2000 years ago, Antony and Cleopatra, two of the most powerful people in the world, fell in love. Their relationship brought civil war to the Roman Empire and an end to the Ptolemaic Dynasty of Egypt. They were said to be buried together. Throughout the ages, their final resting place has remained hidden.
It is present-day and an Egyptian terrorist named Karim Farouk has been proving himself to be something of a nuisance to the myriad of law enforcement agencies around the world. He has been looting priceless archaeological treasures as a means of funding his efforts, but now he has his eyes on something beyond valuable. He has managed to steal the sarcophagus of Marc Antony and he is now hunting for Cleopatra, which has art dealers and museum curators in a frenzy since Antony and Cleopatra aren’t buried together as previously believed (Cleopatra’s sarcophagus has already been removed from their tomb). This comes to the attention of a billionaire named Jacob “Jay” Reece, who also has a museum or two of his own where he would love to set up a display for Antony and Cleopatra. However, Farouk’s efforts in stealing Antony along with his search for Cleopatra has thwarted Jay’s efforts, especially since it now appears that Farouk has managed to find a way to “weaponize” Cleopatra, and all he needs now is the sarcophagus containing Cleopatra’s mummified body. For this reason, Jay recruits a former FBI agent named Danny McNamara (who has reasons of his own for wanting to hunt down Farouk and bring him to justice), a man has become something of an antiquities expert, as well as sort of a foster son to Jay after his father went to prison. However, Danny realizes that in order to get ahead in this game he’s going to have to play “It Takes a Thief to Catch a Thief,” so he recruits his ex-girlfriend Lexi Vaziri (she has her agenda regarding Farouk, namely she wants to kill him for killing her father) in the hopes that they can find Cleopatra before Farouk does. Unfortunately, they are not alone as there is a secret society called The Brotherhood of Serapis and they are also after Cleopatra for their reasons.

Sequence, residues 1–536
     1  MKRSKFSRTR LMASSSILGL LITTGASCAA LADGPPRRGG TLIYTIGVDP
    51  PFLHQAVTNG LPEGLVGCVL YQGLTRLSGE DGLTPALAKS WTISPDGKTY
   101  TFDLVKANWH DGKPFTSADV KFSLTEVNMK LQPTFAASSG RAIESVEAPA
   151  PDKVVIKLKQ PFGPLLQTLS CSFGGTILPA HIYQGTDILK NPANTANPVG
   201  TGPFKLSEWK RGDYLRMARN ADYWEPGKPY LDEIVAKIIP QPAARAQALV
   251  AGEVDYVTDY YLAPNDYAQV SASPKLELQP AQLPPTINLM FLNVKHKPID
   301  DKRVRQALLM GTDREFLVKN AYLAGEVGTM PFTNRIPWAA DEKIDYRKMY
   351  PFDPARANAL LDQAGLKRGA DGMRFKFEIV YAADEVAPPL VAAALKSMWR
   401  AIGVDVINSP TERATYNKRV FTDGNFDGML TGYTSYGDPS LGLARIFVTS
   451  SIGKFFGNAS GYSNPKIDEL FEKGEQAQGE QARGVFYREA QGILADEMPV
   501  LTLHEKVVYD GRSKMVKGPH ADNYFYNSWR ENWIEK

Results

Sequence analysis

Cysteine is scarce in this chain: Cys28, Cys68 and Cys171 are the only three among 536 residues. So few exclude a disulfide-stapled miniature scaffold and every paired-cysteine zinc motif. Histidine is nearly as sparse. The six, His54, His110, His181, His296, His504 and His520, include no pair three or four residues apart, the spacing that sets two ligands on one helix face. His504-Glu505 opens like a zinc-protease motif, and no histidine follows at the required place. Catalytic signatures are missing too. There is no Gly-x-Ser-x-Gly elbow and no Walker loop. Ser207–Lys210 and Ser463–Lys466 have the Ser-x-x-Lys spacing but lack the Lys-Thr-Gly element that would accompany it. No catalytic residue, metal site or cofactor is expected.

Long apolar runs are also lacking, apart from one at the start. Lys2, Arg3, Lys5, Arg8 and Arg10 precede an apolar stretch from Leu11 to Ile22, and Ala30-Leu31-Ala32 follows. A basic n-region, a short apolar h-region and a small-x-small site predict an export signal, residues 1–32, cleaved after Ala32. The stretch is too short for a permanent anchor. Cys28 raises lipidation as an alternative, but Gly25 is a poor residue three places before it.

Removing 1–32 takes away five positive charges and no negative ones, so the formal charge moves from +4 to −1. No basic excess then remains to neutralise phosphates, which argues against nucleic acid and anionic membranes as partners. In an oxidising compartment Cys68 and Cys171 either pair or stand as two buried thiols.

As premises go, this show appears on the surface to have a very simple plot idea, and that is the rescue of Antony while trying to find Cleopatra. However, given that this is a CBS series, to simply boil it down to that would just be enough for a feature film, but this is a series that ran for 12 weeks (and the pilot ran two hours) so this means there needs to be plenty of padding in the form of mini-treasure hunts serving as pieces to the Cleopatra mystery puzzle, character backstories, and recurring characters who one day serve as assets to the mission, and then the next they are nothing but liabilities. The problem with this is that it forces the viewer to plant his or her tongue firmly into the cheek to be able to watch this. What also doesn’t help is that the story isn’t exactly told linearly. This series relies on flashbacks that take place all over the world, some involving Cleopatra while Nazis had her in their possession before the end of World War II, while other flashbacks inform us of the type of upbringing poor Danny had that resulted in him in becoming an unofficial part of Jay’s family. The series also presents characters that initially come off as almost trivial in the grand picture, but instead they turn out to be major players that completely turn the story arc on its side. If there is a complaint to be made it is largely with this point as the series is filled with red herrings. Normally I wouldn’t mind this, but some of these are major story ideas that either get dropped and never to be addressed again or are used to create a false tone for the series itself. I find this particularly distressing especially since Matthew Federman and Stephen Scaia, both of whom worked on the ultimate genre treasure-hunt series Warehouse 13, created Blood & Treasure. Still, this is a CBS summer series and not an attempt at creating a thrilling and sensible movie. Even Raiders Of The Lost Ark never employed that gimmick by remaining tonally consistent.